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Dual Credit

AP Biology

 

This course is designed to be the equivalent of a college introductory biology course usually taken by biology majors during their first year. Some AP students, as college freshmen, are permitted to undertake upper-level courses in biology or to register for courses for which biology is a prerequisite. Other students may have fulfilled a basic requirement for a laboratory science course and will be able to undertake other courses to pursue their majors. AP Biology should include the topics regularly covered in a college biology course for majors. The textbooks used for AP Biology should be those used by college biology majors and the labs done by AP students must be the equivalent of those done by college students. The AP Biology course is designed to be taken by students after the successful completion of a first course in high school biology and one in high school chemistry. It aims to provide students with the conceptual framework, factual knowledge, and analytical skills necessary to deal critically with the rapidly changing science of biology. The two main goals of AP Biology are to help students develop a conceptual framework for modern biology and to help students gain an appreciation of science as a process. The ongoing information explosion in biology makes these goals even more challenging. Primary emphasis in an AP Biology course should be on developing an understanding of concepts rather than on memorizing terms and technical details. Essential to this conceptual understanding are the following: a grasp of science as a process rather than as an accumulation of facts; personal experience in scientific inquiry; recognition of unifying themes that integrate the major topics of biology; and application of biological knowledge and critical thinking to environmental and social concerns. The AP Biology Development Committee conducts college curriculum surveys of introductory biology courses for biology majors and develops the AP Biology Examination so that it is representative of the topics covered by the survey group. Accordingly, goals have been set for percentage coverage of three general areas: Molecules and Cells, 25% Heredity and Evolution, 25% Organisms and Populations, 50% These three areas have been subdivided into major categories with percentage goals for each major category specified. The percentage goals should serve as a guide for designing an AP Biology course and may be used to apportion the time devoted to each category. The examination is constructed using the percentage goals as guidelines for question distribution.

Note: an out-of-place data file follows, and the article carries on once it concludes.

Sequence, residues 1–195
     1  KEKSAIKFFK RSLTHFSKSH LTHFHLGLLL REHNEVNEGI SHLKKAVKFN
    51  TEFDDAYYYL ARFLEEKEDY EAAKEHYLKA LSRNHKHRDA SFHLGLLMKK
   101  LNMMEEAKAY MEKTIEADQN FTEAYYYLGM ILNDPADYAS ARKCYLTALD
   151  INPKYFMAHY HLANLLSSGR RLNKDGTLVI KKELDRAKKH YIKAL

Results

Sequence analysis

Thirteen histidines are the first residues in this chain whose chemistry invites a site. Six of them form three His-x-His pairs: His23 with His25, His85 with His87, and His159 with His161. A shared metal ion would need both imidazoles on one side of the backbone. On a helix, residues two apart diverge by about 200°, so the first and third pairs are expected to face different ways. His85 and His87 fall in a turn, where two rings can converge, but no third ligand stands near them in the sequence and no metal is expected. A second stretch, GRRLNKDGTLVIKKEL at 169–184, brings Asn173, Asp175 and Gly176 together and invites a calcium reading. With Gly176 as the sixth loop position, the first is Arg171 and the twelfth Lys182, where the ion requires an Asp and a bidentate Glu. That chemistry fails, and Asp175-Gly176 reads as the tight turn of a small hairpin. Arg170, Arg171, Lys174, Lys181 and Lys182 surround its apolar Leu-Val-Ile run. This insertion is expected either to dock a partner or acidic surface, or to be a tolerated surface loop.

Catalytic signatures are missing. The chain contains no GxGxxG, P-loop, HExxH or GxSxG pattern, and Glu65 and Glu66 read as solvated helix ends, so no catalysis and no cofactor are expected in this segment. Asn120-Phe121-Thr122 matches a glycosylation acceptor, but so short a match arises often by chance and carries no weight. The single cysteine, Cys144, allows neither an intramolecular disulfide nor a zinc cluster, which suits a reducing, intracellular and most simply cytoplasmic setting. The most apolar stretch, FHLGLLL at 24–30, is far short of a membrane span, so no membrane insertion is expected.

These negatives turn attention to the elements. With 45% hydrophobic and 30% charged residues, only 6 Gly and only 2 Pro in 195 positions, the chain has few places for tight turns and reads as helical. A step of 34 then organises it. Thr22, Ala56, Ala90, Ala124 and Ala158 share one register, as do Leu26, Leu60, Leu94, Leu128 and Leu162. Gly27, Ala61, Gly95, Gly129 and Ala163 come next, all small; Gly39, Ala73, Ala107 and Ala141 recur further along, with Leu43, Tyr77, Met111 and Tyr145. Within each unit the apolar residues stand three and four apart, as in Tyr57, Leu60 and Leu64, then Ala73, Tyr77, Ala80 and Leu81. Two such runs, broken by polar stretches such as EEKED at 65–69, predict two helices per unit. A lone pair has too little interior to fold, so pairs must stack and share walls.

AP English Language and Composition